Low Dose Alemtuzumab for Consolidation and Maintenance of Patients With B-Cell Chronic Lymphocytic Leukemia
Recruitment status was Not yet recruiting
|Study Design:||Allocation: Randomized
Endpoint Classification: Efficacy Study
Intervention Model: Single Group Assignment
Masking: Open Label
Primary Purpose: Treatment
|Official Title:||Subcutaneous Injection, Low Dose Alemtuzumab for Consolidation and Maintenance of Patients in Clinical Response After Having Achieved Partial or Complete Remission After 1st or 2nd Line Anti-Tumor Therapy for B-Cell CLL|
- To determine the Time to Treatment Failure (TTF)
- To evaluate Complete Remission (CR) rate.
- To evaluate Partial Response (PR) rate.
- Minimal Residual Disease (MRD) evaluated with flow-cytometry (“MRD flow panel”) in patients with CR
- To determine Overall Response Rate (ORR).
- To evaluate duration of response.
- To evaluate safety
|Study Start Date:||July 2006|
|Estimated Study Completion Date:||October 2009|
Fludarabine (F) alone or in combination with cyclophosphamide (FC) is not a curative treatment for patients with CLL, all patients will eventually relapse. Therefore there is a medical need to look for consolidation followed by maintenance therapies which are able to prolong response duration or which can shift anti-tumor therapy induced partial remissions to complete remissions or eradicate minimal residual disease in complete - but still PCR-positive – responders.
There is no standard consolidation therapy available at the moment and the role of consolidation in CLL has recently been acknowledged as a research field of major importance in B-CLL (Schering global advisory board meeting, Lisbon Nov 2005). Possible treatment options are high-dose chemotherapy followed by autologous stem cell transplantation (the role of which however remains uncertain with lack of worldwide consensus) or monoclonal antibody therapy against antigens expressed by CLL cells. Alemtuzumab is directed against the CD52-antigen which is present in high density on CLL cells and may therefore be most suitable for treatment of residual disease.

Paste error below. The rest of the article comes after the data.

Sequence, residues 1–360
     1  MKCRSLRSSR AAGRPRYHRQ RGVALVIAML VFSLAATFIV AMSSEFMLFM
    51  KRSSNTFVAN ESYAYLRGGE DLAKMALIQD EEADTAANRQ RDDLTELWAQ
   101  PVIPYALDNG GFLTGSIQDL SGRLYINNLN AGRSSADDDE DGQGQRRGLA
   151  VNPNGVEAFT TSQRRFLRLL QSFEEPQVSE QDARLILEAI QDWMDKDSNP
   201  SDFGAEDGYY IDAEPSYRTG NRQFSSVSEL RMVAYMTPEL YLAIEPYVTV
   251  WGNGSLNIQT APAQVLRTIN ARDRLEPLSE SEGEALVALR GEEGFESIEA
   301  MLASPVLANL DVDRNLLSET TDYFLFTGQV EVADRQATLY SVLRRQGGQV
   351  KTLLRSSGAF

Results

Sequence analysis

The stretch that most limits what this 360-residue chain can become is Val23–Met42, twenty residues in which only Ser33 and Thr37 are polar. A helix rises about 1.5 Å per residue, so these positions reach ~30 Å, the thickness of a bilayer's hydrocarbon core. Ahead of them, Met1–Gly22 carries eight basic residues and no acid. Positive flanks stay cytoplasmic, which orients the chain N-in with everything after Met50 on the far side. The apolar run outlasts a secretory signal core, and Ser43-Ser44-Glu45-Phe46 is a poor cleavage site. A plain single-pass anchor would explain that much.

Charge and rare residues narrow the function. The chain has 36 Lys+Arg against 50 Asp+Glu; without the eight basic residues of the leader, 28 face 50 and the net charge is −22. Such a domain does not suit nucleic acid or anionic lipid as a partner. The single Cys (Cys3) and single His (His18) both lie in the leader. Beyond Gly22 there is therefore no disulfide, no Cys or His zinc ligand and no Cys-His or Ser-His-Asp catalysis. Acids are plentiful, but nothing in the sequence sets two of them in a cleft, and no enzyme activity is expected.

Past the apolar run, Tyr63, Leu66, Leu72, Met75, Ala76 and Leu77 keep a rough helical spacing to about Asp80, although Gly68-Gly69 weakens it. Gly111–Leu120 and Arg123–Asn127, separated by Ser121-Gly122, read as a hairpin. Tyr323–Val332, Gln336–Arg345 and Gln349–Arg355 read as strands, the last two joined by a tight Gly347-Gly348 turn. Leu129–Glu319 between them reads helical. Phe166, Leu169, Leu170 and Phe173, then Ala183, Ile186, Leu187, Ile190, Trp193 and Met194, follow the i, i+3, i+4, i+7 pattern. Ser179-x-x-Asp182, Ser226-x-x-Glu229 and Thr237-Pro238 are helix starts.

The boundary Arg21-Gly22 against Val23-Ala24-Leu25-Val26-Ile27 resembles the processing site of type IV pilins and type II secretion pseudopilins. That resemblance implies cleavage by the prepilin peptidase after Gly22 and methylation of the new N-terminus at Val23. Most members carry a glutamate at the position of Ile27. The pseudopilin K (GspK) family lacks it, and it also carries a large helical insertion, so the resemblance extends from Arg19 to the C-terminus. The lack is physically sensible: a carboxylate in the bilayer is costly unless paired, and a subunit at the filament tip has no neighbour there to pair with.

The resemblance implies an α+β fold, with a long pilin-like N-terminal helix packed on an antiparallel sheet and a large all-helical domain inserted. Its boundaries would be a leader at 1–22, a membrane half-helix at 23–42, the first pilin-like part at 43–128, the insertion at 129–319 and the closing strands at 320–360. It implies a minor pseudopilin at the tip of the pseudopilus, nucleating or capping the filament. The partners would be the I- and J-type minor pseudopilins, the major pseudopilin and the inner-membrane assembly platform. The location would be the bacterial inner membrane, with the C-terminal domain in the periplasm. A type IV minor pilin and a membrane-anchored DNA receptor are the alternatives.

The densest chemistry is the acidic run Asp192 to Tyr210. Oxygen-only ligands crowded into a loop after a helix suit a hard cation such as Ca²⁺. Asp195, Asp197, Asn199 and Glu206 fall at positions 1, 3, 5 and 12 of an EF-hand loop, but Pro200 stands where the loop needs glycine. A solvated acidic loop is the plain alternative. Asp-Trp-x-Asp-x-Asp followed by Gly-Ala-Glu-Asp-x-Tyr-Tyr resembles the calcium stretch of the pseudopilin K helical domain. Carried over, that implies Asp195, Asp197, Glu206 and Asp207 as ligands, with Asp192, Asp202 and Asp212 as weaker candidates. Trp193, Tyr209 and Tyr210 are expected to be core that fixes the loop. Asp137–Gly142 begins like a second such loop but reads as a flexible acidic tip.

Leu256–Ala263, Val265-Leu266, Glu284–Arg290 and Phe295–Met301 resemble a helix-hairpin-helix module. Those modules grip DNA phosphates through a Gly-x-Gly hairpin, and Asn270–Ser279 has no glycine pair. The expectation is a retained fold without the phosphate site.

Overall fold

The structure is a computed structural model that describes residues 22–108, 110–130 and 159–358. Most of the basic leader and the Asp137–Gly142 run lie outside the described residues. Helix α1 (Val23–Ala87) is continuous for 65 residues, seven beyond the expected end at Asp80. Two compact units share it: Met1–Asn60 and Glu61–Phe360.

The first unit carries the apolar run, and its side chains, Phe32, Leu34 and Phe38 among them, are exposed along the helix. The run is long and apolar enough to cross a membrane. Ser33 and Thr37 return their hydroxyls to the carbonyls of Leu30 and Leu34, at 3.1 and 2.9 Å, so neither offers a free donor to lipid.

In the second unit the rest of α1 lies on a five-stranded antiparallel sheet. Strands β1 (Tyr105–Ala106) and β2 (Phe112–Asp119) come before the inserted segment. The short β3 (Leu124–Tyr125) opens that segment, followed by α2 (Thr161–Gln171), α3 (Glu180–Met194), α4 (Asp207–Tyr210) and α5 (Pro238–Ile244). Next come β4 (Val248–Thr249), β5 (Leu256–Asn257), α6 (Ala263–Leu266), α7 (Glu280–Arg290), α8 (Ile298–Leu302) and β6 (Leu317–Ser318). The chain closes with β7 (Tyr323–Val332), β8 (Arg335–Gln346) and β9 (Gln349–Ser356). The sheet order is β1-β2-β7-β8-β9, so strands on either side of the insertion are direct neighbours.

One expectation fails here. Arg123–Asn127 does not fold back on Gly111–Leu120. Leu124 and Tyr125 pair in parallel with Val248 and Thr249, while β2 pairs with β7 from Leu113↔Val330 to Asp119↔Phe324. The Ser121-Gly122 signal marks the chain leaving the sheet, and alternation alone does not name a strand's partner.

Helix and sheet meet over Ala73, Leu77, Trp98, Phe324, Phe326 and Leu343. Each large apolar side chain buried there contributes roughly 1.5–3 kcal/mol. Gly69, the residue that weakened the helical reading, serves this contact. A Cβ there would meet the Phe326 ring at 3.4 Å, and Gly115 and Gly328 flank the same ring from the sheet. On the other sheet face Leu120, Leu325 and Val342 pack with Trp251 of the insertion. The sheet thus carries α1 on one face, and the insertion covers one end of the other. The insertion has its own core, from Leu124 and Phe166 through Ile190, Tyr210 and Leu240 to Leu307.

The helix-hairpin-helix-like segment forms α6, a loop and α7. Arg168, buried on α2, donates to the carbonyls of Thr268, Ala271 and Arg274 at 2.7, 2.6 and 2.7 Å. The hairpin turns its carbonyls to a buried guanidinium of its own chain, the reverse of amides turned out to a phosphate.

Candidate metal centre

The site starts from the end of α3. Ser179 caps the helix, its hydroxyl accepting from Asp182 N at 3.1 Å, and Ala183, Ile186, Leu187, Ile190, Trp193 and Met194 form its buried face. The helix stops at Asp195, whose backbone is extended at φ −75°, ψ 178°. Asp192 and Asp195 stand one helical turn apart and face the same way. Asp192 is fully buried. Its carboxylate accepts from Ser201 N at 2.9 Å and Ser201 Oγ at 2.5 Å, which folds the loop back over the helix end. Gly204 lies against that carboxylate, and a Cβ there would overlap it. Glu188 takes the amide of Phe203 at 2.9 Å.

Alemtuzumab has shown significant remission rates in patients with fludarabine refractory CLL and sub analysis revealed a very high effectiveness of the antibody in clearing CLL cells from peripheral blood and bone marrow. These findings suggest that Alemtuzumab might be an ideal candidate to eliminate minimal residual disease in a post-remission treatment after anti-tumor therapy and to be used as maintenance therapy. The efficacy of Alemtuzumab as consolidation therapy in CLL can easily be measured. There is evidence from several studies that treatment with Alemtuzumab does not have a negative impact on stem cell mobilization. Therefore, autologous stem cell transplantation still remains as a further treatment option for those patients who still have detectable disease after primary cytoreduction followed by consolidation therapy with Alemtuzumab.
Side effects of s.c. Alemtuzumab in heavily pretreated patients with advanced disease are tolerable and manageable. Data have suggested that the safety profile of this antibody is even more favorable in less pretreated patients and the GCLLSG study suggests that a wash-out period of more than 8 weeks and possibly also a lower dose is necessary to avoid severe infectious problems. Campath administration started after a 2-month wash out period after Fludarabine was shown to be feasible and good tolerated. Based on the collective data obtained from other pilot or phase II studies, a subcutaneous consolidation dose of 30 mg once weekly in previously treated and untreated CLL patients after an induction with Fludarabine combination seems to be a safe and effective dose.
The proposed study aims to evaluate the efficacy of low dose treatment with Alemtuzumab with regard to the following questions: Does consolidation therapy with low dose Alemtuzumab result in a prolonged time to disease progression in comparison to patients who do not receive further treatment? Is it possible to turn a PR into a CR? Does maintenance therapy with Alemtuzumab translate into a progression-free survival benefit compared to patients with no further treatment? How is the safety profile in patients treated with low dose Alemtuzumab as MRD elimination and as maintenance therapy?
Please refer to this study by its ClinicalTrials.gov identifier: NCT00336206
|Contact: Jorgen Kristensen, MD PhD||971 3 7677444 ext firstname.lastname@example.org|
|Principal Investigator:||Jorgen Kristensen, MD PhD||Department of Oncology|